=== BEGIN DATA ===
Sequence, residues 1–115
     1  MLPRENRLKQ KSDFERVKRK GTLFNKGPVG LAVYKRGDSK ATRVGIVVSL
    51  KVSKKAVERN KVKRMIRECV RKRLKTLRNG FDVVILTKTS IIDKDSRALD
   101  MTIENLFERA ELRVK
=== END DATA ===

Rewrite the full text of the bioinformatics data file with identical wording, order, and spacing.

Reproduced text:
Sequence, residues 1–115
     1  MLPRENRLKQ KSDFERVKRK GTLFNKGPVG LAVYKRGDSK ATRVGIVVSL
    51  KVSKKAVERN KVKRMIRECV RKRLKTLRNG FDVVILTKTS IIDKDSRALD
   101  MTIENLFERA ELRVK